Horrors Of Horrors

  1. There is an article in the 'Nursing Standard' which states that the UK are introducing a tougher English Language test for entry onto the nursing register, it envisaged that it could mean up to 9000 fewer overseas nurses. Horror of horrors does that mean that that some of nurses from oversea's who dont speak english at the moment will actually have able to communicate with the patients and relatives, before they are allowed to work here. Now isn't that a novel idea, I wonder why that wasn't introduced years ago.
    A friend of mine was interviewing for a position on CCU and the nurse she interviewed could only smile and say yes, wait for it she hadn't just arrived in this country she had done her adaptation and was going for a senior post.
    Now before all my foriegn friends start jumping up and down and shouting I am only an advocate that anybody wanting to work here should speak English, and I welcome those nurses with open arms, oh yes it would be good if you could nurse too.
  2. Visit madwife2002 profile page

    About madwife2002, BSN, RN

    Joined: Jan '05; Posts: 10,271; Likes: 6,112
    Director of Nursing Services; from US
    Specialty: 26 year(s) of experience in RN, BSN, CHDN

    10 Comments

  3. by   Fiona59
    Being able to read and write a language is one thing, the ability to speak and comprehend is another.

    I don't care how good your clinical skills are, if the patient or family can't understand you or are offended by how you say it, you aren't qualified to work.

    I had one nurse from an Asian country who just didn't understand. I left thinking my father had kidney cancer and he was told "all of his girls back east called while yous was off bed". I'm his only daughter and live in town....
  4. by   madwife2002
    My hubby was admitted to ER and I couldnt understand a word the doctor was saying apart form he had a big mass in his stomach, which i took to be cancer. I tried to be brave but it was really difficult, until the surgeon came to see me to tell me that he had an appendecitis!!!
  5. by   Chad_KY_SRNA
    My computer was messing up this morning and I called the tech support number for Bellsouth and spoke to two people who spoke very rapidly with strong Indian accents, I only had to ask them to repeat themselves four or five times. It should be any public job where communication is important.
    Last edit by Chad_KY_SRNA on Mar 10, '05
  6. by   Cassinia
    It should include mds as well. I worked with an md who was French and she made a comment one day all the nurses should learn French so we could understand her. Now, I'm a hearing impaired nurse who uses bilateral aids and make every attempt to make sure I have adaptive equipment, this rubbed me wrong. I looked at her straight in the eyes and replied, "Well, in that case, maybe you should learn my second language, sign, so you can understand me better. But be both know that ain't going to happen!" I got the typical exasperated response from her and she left the station.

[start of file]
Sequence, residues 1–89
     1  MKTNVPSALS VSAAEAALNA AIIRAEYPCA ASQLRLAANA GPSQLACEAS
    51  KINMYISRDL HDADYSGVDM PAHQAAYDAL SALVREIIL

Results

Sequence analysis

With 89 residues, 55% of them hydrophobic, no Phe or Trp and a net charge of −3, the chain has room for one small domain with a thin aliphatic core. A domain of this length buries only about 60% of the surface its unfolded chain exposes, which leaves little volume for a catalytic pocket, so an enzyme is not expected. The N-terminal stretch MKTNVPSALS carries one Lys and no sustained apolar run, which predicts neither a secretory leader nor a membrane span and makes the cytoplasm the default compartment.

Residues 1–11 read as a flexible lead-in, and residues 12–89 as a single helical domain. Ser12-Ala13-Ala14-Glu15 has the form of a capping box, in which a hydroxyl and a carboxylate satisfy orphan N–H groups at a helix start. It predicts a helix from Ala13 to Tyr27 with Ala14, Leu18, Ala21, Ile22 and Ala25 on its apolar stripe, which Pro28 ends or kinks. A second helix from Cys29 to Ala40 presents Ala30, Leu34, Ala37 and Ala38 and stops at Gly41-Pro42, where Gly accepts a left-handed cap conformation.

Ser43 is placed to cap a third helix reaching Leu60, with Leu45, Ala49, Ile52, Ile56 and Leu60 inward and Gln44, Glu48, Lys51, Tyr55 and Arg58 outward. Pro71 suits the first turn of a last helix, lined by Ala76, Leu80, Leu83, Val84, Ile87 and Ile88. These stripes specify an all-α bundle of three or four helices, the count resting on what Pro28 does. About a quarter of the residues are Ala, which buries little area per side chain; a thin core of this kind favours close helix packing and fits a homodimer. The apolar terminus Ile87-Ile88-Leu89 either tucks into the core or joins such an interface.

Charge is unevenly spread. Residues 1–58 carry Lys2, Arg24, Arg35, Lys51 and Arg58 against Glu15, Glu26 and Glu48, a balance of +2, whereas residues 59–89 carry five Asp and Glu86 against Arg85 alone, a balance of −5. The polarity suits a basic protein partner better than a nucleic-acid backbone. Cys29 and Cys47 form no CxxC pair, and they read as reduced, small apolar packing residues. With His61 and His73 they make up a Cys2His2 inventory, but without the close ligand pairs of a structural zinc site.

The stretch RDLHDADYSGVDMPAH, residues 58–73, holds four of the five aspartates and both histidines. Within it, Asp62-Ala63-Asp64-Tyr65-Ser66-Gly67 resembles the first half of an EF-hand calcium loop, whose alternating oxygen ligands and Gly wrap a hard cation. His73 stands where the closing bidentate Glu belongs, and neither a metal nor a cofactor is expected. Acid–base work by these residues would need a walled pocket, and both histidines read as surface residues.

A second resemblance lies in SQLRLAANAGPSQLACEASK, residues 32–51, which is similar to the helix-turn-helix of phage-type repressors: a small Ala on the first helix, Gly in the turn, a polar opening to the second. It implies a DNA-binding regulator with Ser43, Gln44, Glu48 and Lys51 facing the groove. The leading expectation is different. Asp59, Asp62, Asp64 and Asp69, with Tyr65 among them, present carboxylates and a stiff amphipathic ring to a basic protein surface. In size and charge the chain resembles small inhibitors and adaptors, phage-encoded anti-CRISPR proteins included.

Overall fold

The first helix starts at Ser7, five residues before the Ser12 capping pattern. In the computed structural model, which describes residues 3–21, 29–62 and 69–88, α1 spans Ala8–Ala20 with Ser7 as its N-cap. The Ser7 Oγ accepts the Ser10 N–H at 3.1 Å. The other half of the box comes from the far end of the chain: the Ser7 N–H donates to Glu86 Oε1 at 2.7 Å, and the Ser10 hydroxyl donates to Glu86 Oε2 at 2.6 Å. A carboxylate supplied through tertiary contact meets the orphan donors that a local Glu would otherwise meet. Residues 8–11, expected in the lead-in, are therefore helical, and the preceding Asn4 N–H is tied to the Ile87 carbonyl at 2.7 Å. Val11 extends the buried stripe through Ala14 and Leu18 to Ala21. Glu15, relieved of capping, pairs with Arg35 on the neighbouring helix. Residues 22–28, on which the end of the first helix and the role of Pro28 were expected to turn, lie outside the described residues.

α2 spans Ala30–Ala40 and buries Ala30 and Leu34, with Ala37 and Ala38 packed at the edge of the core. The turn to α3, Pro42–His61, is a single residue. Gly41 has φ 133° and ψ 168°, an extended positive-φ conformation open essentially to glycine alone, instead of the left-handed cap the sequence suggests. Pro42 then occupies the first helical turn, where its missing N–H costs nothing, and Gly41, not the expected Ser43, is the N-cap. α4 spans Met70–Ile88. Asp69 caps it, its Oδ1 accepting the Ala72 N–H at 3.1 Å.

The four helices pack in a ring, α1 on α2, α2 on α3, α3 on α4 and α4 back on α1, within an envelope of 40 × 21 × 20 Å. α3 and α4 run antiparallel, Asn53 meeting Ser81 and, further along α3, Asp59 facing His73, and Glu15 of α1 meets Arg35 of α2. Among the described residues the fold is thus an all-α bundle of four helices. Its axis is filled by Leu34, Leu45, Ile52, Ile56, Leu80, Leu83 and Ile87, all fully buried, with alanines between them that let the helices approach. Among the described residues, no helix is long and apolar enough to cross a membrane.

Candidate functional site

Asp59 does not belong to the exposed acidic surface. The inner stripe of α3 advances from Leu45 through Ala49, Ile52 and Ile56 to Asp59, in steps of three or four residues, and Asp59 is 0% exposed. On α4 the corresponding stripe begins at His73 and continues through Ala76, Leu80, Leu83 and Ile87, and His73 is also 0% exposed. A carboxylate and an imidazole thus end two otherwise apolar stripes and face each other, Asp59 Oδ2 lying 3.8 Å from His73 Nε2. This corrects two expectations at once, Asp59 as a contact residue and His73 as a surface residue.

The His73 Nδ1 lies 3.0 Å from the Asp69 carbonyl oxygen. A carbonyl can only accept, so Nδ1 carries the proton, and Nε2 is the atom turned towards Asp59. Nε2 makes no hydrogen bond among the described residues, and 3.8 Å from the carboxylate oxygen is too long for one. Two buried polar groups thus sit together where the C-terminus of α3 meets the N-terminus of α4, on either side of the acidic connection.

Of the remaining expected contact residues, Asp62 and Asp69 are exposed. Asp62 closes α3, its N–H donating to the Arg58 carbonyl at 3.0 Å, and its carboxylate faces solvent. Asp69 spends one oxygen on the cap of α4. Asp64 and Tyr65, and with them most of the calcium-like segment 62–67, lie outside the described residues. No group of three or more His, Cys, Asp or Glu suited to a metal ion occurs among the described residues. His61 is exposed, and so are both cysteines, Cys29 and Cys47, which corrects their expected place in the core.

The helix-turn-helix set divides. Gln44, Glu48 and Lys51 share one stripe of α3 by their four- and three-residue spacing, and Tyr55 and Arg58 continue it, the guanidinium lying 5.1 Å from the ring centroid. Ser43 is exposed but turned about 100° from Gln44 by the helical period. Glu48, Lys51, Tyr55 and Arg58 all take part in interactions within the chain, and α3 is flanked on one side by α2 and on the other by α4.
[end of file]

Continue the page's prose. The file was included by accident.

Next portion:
7. by   fergus51
    I wouldn't hold you breath for this working Kay. We already have english test requirements for the US and there are still many health care workers who have difficulty making themselves understood. It can be a real problem sometimes.

    On the flip side, those nurses are often incredible assets when we have patients who don't speak English well. I tried to learn a new language as an adult (I was bilingual before but learned French as a child) and it gave me a lot of empathy for people learning English. It's tough.
  8. by   caroladybelle
    Quote from fergus51
    I wouldn't hold you breath for this working Kay. We already have english test requirements for the US and there are still many health care workers who have difficulty making themselves understood. It can be a real problem sometimes.
    I have taken report from Indian nurses that I could hardly understand on some units.
  9. by   fergus51
    Quote from caroladybelle
    I have taken report from Indian nurses that I could hardly understand on some units.
    I'm pretty lucky in that I can decifer most accents pretty well (probably comes from living in Vancouver and Toronto :chuckle ), but my problem is that I start picking up their accents the longer I talk to them
  10. by   madwife2002
    Quote from fergus51
    I'm pretty lucky in that I can decifer most accents pretty well (probably comes from living in Vancouver and Toronto :chuckle ), but my problem is that I start picking up their accents the longer I talk to them

    We had a french nurse who worked with us who had the most beautiful accent and spoke perfect English. She confided in me that she got a bit fed up with everybody speaking to her in broken english, the trouble was that everybody thought she enjoyed them speaking to her with a french accent.
    Of course the next time I saw her what did I do ....................yep spoke to her in english with a french accent!!!!!!!!!!!! I couldn't help myself I was so embarressed. :uhoh21: She must have thought I was an idiot
  11. by   fergus51
    LOL KAY!!! It has to be some ingrained thing in our brains to want to mimic the people we are talking to... My Filipino accent is almost flawless at this point, though it's still not as good as my Jamaican
  12. by   wensday
    It's dangerous though isn't it? In a resus situation and they mumble something at you....

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